Responding to a cholera scare in the 1890s, German steamship companies, backed by the state, set up transmigrant control stations along eastern Prussian borders. Millions of Eastern European emigrants passed through these medical and financial checkpoints as they made their way by rail to northern European harbour cities, where steamships carried them across the Atlantic. In 1904, officials opened a registration station in the Saxon city of Leipzig. A major European railway hub, Leipzig seemed an ideal location. However, the city layout soon proved problematic. Leipzig had no fewer than six separate train stations, one an hour’s walk from the registration station. Saxon police and shipping officials needed to direct transmigrants arriving in Leipzig to the registration station, despite logistical problems and sometimes uncooperative migrants. Building upon a growing scholarship on the continental journey of transoceanic migrants, this article demonstrates how a single city could affect an intricate transatlantic network.
See Tobias Brinkmann‘Why Paul Nathan attacked Albert Ballin’Central European History43 (2010) 47–83. Other works on transmigrant control in Germany include Christiane Reinecke Grenzen der Freizügigkeit. Migrationskontrolle in Großbritannien und Deutschland 1880–1930 (München 2010); Katja Wuestenbecker ‘Hamburg and the transit of East European emigrants’ in: Andreas Fahrmeier et al. (eds) Migration control in the North Atlantic world. The evolution of state practices in Europe and the United States from the French Revolution to the inter-war period (New York 2003) 223–236; and Michael Just Ost- und südosteuropäische Amerikawanderung 1881–1914. Transitprobleme in Deutschland und Aufnahme in den Vereinigten Staaten (Stuttgart 1988).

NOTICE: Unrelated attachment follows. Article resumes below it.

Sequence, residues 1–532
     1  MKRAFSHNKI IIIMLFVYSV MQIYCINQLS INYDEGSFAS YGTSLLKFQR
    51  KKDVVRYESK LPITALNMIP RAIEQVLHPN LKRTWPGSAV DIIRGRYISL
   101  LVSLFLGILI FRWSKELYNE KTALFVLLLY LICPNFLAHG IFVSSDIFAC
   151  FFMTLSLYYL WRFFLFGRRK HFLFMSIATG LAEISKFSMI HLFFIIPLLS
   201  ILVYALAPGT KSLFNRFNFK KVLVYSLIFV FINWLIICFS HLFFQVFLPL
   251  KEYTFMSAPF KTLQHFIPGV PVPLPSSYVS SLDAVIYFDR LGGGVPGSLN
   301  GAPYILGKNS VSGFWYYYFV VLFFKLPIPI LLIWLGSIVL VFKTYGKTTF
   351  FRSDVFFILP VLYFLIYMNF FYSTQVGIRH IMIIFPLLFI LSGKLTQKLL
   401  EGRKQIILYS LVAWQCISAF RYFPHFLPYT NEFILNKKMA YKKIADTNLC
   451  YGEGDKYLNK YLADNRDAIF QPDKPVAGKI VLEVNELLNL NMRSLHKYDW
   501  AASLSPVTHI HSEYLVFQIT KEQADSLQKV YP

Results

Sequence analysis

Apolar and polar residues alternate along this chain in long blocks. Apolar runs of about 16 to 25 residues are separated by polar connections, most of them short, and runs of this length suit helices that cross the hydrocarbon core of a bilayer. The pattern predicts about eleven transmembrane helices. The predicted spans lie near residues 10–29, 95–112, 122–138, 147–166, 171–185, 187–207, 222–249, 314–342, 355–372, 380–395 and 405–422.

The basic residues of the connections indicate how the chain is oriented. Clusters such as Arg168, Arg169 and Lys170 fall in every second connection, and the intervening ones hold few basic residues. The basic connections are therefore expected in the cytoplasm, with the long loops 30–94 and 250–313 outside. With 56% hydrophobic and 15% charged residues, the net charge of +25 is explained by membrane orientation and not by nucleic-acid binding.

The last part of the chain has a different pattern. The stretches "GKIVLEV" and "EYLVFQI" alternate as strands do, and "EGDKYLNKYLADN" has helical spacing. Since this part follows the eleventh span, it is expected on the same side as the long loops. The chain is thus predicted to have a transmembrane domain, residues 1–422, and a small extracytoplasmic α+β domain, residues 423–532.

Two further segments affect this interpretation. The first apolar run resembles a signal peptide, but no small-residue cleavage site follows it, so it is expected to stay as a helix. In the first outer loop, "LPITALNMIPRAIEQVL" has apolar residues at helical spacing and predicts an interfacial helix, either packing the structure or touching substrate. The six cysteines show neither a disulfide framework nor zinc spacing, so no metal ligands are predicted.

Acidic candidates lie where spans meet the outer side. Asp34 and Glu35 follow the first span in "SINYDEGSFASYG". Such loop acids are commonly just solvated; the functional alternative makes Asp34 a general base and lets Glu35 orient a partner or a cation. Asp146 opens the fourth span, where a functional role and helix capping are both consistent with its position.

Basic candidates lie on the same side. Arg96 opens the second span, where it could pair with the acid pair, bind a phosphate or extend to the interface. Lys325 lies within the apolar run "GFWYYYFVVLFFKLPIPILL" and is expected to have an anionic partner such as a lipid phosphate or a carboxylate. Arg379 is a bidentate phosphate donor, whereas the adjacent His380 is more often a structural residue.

Tobias Brinkmann‘Travelling with Ballin: The impact of American immigration policies on Jewish transmigration within central Europe, 1880–1914’International Review of Social History53 (2008) 459–484465. Also see Brinkmann’s article in this issue.